This article originally appeared on the editorial page of the Dallas Morning News on June 30.
Parents say they will do anything for their children. We easily agree that we would donate a kidney, or even take a bullet for our child. Most of us, fortunately, will never be tested on that, but what about more mundane needs? Will we really do anything for our children, even if we’re tired and it’s inconvenient or uncomfortable? Too often, the default response to “Mom can I…” is “no.” It shouldn’t be, especially if the only reason is mild inconvenience or discomfort to us.
In the 2008 comedy “Yes Man” Jim Carrey plays a loan officer whose life is transformed by unintended consequences when he starts saying “yes” to every opportunity. Hilarity ensues, of course, but there’s a lesson for parents in there. I wonder what would happen if we said yes to all but the most dangerous or impossible requests from our children. We could turn into “Yes Moms?” There are so many times when we have to say no, and that is an important part of parenting, but it is also reason to say yes whenever we can.
It’s our job as parents to help our children find out who they are, discover their gifts, and test what they are capable of. Saying yes is a great tool. Some children make it easy. When my oldest daughter was a third grader, she begged relentlessly for karate lessons. I thought it was an odd request, and I ignored her, but she would have none of it. I knew nothing about martial arts and I assumed she would tire of it quickly. A few years later, she had a black belt and a lot of confidence that she could reach a long-term goal. I’m glad I listened to her.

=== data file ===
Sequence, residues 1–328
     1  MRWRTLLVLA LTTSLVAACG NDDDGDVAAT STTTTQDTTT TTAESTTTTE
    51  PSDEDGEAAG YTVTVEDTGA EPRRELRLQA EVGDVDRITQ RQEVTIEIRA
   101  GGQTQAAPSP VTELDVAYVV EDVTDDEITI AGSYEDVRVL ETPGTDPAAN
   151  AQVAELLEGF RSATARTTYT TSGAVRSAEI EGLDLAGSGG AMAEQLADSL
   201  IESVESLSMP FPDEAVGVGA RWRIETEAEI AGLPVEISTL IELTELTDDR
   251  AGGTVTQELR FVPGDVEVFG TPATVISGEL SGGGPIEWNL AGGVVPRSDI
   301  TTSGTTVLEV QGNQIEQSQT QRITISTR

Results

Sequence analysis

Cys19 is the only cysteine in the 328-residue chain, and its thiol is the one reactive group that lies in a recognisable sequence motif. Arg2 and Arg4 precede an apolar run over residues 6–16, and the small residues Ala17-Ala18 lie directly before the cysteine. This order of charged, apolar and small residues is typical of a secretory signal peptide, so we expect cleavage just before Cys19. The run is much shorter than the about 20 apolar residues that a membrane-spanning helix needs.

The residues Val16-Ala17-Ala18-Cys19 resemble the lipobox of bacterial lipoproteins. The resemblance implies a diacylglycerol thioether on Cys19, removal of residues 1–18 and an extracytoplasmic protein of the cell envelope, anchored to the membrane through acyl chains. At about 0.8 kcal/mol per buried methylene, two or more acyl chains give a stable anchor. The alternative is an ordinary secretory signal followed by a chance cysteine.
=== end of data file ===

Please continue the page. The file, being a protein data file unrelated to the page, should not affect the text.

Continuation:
Sometimes we need to say yes when a child wants to stop doing something we had our heart set on for them. Another daughter won our county’s Scripps Howard Spelling Bee and did well at the regional contest as a sixth grader. I thought she had a good chance of doing even better the next time. She balked at entering again, and I admit I was surprised, but I acquiesced. As it turned out, she knew her passions better than I, and ended up winning prizes in UIL science and speaking competitions that she would not have had time for had she been drilling spelling words.
Even the most outlandish suggestion deserves attention. When the answer must be no, we can take time to unpack what is behind it. A pitch for a pony might be masking a need for more outdoor activity or the companionship of a pet. A child who begs for ice cream for dinner might be assuaged with some other dairy product or a sweet fruit, or simply persuaded to eat healthful food first. It’s worth discussing what the child thinks they would be getting out of having what they think they want.
It can also be useful to say “Yes, but…” to encourage other good behavior. Sometimes our children haven’t taken care of their responsibilities, but if we say no outright, we don’t give them any reason to follow through. Say yes, we can go to the park after dinner if you help clear the table without complaining. Yes, your friend can come over if your room is clean. You get the idea.
When we take our children’s ideas seriously, we open vast windows into their personalities, and help them discover their interests and strengths so that they can make the greatest contribution to the world. Let’s be “Yes Moms,” not be afraid of a little inconvenience, and really be parents who would do anything for our children. If we don’t, they might stop asking altogether.